TV Show: Manhattan
Episode Title: The Understudy
Original Air Date: September 28, 2014
Episode Number: 1×10
Wives explore their inner desires. Visit from dead “spy’s” spouse. Winter explores an unusual solution to ignition problem.
This show has really come into its own and was probably one of the most underrated shows to have aired the past few years. This episode was utilized most of its cast again and put them all to excellent use. Lots of storylines to talk about here, so let me get started.
Abby discovering herself and accepting who she is was fantastic to see. She no longer wants to be who everyone wants her to be: she wants to do what she wants; be with whomever she wants; and she won’t let society or rules limit what she can or can’t do. No more of the old Abby. Her going to Elodie’s place at the end of the episode was the first step to acceptance.
She wanted to end things with Elodie, but after reading the book Elodie gave her and after Elodie told her that life is short and to not limit what makes her happy, Abby decided to take a leap and see where this newfound relationship with Elodie takes her. Now there’s no assurances that this won’t end in heartbreak for too many people when their relationship becomes public, but for now, she’s living her life to the fullest, something that she hasn’t done before.
Sid Liao’s wife coming to the compound seeking answers for Sid’s death was so sad. To be told that her husband was a spy and that he was shot because of it was just insensitive of the G2 character. The fact that this was an outright lie even makes it more sad. Will Meeks ask Frank about why he feels guilty for Sid’s death? Does Meeks suspect somehow that Frank was the one who gave up Sid to the G2?
I still not fond of the Callie and Dunlavey storyline, but it’s nice to see the two of them finding each other and forming this kindship/relationship despite the circumstances. If the show wants to me to get invested in this relationship, they need to show me scenes like Callie bringing the Bible to the soldier’s camp and writing that message for Dunlavey. I just don’t want their relationship to be about sex, there has to be substance there.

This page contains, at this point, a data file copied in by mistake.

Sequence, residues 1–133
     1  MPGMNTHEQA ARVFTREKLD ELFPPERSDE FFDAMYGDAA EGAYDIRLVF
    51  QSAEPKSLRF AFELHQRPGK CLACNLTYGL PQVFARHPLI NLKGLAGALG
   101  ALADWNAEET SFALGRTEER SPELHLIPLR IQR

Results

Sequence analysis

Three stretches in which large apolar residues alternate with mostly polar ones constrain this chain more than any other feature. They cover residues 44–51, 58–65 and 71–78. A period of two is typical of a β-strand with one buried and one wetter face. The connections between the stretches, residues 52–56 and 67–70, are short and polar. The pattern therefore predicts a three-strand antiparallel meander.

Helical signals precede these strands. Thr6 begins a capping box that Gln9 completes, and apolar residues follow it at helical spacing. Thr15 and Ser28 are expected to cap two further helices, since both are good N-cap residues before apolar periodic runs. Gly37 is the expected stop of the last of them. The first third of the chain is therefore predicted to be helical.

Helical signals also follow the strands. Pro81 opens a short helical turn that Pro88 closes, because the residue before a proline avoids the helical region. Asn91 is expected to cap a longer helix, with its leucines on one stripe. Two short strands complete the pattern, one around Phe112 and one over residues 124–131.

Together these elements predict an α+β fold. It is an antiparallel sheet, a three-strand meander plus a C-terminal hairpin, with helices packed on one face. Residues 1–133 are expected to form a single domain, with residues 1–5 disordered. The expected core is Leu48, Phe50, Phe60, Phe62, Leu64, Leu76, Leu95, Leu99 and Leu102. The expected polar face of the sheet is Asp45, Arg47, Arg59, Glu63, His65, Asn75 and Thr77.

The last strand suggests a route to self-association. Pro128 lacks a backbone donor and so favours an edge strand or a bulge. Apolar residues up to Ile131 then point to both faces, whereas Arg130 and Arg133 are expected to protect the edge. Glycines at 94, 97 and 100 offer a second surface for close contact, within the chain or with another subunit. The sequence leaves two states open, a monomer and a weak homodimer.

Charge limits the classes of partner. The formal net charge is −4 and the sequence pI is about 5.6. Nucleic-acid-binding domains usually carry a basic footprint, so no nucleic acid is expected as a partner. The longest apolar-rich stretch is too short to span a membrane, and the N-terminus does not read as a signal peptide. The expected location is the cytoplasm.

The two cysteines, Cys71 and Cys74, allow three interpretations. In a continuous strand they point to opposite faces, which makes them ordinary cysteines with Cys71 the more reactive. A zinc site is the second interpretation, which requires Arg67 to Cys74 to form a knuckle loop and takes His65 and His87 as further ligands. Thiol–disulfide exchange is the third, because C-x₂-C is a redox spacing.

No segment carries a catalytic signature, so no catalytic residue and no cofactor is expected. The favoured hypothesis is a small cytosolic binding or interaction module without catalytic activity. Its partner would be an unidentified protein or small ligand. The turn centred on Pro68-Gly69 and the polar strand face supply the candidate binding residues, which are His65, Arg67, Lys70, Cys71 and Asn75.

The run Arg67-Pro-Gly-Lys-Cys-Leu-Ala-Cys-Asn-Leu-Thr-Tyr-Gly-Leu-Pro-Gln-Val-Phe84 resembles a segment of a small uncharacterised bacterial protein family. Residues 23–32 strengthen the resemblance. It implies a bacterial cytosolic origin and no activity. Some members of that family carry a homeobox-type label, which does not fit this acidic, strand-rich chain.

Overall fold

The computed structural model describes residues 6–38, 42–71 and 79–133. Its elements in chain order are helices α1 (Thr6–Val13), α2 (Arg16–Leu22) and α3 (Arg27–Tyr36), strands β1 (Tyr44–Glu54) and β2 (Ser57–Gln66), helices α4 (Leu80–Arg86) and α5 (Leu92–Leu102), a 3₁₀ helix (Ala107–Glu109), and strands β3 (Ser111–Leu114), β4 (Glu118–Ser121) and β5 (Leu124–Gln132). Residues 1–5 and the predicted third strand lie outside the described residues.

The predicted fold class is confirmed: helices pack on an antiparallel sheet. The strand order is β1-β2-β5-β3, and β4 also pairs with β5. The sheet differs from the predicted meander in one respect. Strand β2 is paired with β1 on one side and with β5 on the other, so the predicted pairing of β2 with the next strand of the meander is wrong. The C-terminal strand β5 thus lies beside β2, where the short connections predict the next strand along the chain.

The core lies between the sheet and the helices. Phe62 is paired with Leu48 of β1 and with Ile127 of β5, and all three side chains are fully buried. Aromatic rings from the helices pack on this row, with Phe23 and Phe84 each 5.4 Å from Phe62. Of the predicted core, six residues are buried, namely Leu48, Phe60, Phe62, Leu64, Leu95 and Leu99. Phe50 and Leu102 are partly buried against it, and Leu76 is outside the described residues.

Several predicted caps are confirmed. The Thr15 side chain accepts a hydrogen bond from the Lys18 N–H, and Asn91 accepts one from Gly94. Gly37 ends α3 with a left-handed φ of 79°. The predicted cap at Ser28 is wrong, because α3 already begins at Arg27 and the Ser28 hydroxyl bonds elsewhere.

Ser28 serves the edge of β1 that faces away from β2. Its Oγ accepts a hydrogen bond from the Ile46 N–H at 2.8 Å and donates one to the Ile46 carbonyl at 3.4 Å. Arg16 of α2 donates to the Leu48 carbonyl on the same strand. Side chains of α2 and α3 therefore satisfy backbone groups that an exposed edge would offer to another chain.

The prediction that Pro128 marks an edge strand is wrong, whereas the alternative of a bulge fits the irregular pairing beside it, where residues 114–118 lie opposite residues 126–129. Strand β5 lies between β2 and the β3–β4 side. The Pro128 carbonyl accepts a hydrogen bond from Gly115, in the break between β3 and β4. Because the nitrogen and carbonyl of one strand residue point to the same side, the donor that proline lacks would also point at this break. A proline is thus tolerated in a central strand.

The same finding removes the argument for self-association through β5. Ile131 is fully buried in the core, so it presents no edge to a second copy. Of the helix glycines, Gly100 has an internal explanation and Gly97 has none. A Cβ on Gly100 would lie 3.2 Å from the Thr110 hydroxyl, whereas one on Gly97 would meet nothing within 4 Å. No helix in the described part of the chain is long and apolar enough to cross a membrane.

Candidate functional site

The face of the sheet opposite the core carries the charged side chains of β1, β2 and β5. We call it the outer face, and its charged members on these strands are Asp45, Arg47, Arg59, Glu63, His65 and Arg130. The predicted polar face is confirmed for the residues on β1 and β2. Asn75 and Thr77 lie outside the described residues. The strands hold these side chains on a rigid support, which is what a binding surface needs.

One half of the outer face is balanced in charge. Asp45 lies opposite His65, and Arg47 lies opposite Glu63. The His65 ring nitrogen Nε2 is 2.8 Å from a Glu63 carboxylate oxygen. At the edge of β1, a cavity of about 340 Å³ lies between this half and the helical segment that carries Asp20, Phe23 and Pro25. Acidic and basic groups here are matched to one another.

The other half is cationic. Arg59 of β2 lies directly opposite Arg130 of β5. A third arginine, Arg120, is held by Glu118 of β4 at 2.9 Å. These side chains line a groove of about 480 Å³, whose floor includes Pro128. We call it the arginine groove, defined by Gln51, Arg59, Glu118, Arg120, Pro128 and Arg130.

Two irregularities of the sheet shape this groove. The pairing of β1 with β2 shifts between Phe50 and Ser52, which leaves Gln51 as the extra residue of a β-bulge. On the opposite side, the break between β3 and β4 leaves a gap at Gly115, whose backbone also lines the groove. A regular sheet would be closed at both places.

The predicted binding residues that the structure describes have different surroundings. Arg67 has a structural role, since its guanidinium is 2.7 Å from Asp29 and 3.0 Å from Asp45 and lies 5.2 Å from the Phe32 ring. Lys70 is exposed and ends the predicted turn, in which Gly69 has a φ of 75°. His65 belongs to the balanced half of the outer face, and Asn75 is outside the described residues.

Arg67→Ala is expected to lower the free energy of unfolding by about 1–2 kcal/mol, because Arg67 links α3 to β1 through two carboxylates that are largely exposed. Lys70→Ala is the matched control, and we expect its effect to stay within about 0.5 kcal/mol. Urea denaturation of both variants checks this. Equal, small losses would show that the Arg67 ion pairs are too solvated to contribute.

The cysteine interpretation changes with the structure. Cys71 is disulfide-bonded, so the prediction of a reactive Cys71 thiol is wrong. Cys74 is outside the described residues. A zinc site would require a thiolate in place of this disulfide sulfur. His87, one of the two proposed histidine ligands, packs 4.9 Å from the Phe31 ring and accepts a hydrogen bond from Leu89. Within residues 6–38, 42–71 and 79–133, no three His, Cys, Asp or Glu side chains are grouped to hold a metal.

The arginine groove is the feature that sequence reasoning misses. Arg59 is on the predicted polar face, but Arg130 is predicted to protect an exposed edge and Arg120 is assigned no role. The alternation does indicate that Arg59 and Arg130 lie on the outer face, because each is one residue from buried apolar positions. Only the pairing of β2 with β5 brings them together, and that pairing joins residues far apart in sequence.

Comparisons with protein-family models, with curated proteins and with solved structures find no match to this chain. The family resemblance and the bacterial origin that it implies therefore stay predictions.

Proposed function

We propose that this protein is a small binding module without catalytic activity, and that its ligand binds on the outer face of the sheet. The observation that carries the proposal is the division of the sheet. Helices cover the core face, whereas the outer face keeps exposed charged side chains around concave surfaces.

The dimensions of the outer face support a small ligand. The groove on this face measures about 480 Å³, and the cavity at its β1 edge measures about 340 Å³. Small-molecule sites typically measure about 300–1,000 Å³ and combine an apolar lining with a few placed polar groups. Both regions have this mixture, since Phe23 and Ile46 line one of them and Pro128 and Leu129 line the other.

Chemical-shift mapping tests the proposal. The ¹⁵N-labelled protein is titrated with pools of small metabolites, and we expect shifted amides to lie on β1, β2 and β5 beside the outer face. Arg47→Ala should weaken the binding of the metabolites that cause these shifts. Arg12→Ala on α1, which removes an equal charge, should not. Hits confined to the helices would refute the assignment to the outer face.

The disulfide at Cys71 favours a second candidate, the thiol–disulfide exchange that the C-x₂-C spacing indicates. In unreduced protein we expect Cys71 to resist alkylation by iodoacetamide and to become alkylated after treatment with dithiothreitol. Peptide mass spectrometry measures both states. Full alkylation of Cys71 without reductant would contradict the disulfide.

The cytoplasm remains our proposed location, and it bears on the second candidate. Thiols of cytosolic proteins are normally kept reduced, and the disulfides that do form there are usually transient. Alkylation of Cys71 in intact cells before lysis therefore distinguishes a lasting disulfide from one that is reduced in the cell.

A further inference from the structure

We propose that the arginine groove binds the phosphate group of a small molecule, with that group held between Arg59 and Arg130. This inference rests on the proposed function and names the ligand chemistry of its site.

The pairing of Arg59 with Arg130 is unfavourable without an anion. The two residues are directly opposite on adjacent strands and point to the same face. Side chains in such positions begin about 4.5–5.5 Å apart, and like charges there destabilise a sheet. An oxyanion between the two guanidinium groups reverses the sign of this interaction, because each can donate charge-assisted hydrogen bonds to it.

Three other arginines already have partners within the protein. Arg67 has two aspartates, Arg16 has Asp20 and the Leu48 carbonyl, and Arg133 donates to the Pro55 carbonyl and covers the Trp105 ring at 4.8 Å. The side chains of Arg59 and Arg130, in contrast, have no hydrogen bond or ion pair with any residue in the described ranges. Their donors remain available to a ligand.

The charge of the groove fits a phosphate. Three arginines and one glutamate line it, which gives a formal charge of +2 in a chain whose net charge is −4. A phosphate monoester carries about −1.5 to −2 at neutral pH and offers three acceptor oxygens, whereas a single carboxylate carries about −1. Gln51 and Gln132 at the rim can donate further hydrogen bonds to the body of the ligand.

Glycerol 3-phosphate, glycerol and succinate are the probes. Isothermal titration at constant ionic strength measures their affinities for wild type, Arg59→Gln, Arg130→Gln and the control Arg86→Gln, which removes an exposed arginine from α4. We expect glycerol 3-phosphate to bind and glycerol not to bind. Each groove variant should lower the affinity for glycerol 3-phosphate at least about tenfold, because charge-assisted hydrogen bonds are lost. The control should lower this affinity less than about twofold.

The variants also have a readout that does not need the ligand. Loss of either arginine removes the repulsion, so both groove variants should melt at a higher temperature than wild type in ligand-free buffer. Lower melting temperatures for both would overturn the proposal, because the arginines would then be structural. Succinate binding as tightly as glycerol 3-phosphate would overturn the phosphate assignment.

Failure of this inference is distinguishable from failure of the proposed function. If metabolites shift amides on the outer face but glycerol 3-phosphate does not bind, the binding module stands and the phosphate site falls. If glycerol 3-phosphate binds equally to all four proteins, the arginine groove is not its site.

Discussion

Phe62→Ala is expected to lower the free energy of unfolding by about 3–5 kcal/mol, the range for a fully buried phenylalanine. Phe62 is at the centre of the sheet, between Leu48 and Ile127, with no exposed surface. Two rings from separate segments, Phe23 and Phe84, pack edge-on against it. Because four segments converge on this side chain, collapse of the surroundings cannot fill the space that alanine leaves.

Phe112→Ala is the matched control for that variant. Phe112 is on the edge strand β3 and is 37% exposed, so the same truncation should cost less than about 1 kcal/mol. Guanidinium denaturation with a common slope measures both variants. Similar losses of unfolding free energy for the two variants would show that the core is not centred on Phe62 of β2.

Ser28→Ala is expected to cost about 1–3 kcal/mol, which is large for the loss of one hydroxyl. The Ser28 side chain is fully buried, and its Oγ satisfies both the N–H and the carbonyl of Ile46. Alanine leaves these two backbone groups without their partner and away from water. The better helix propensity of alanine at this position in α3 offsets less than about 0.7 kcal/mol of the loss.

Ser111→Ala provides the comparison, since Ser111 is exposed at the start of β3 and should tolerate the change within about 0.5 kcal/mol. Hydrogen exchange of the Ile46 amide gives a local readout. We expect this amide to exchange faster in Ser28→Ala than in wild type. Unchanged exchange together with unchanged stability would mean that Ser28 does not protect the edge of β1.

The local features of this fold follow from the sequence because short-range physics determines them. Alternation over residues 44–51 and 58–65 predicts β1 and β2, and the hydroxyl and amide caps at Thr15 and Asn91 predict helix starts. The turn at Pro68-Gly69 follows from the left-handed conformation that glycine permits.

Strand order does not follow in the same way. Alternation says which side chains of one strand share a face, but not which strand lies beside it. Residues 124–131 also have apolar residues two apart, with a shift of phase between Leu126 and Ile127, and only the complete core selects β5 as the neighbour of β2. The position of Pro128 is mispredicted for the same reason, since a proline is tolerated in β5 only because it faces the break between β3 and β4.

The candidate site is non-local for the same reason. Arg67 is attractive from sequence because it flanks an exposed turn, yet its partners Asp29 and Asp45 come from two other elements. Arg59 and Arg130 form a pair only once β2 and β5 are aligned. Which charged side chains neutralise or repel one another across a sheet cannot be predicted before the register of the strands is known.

Poor Liza being paranoid like that and burning everything in their house because she believes they’re all radioactive. Maybe her getting that job at the clinic was not the best for her after all. Her paranoia has just skyrocketed now that she’s seen what’s going on in The Hill for herself. Of course, she has every reason to worry, but I hope her paranoia doesn’t get her or Frank in trouble.
Frank (with Charlie’s paper’s help) figuring out how to make implosion work was awesome! I love watching these two scientists put their brilliant minds together because it is a thing of beauty. I really hope this is a sign of good things to come, at least on getting the bomb built. Lazar as part of the group was also great because he helped come up with the solution as well.
Babbit going off on Frank for hiding the fact that he has Thin Man secretly working on the implosion numbers was a surprise. I didn’t realize that this is a serious offense that could very well put their work and the entire team, including Thin Man, in jeopardy. Frank really should have discussed this with Babbit, not to ask for permission, but to tell him about the plan. Lousy move on Frank’s part, for sure.
Other random observations:
– Abby telling Elodie about what Tom did and Elodie saying that he’s going to kill him was very interesting. Will we see Elodie confront Tom about this? I want there to be a follow-up scene.
– Helen kissing Charlie after he tells her the good news is making me think that the writers are most likely going to have these two become more than colleagues sometime soon and I won’t mind it one bit. They’re great together.
– Dunlavey is turning out to be an okay guy after all. I liked that he had Meeks “arrested” to tell him that Sid’s wife is in the compound so he can get a chance to talk to her.
– Loved Charlie’s smile when Frank gave him a tiny compliment: “He lifted one idea, but his paper was solid.” Charlie really craves Frank’s approval and it’s quite endearing. Kinda like a son seeking his father’s approval.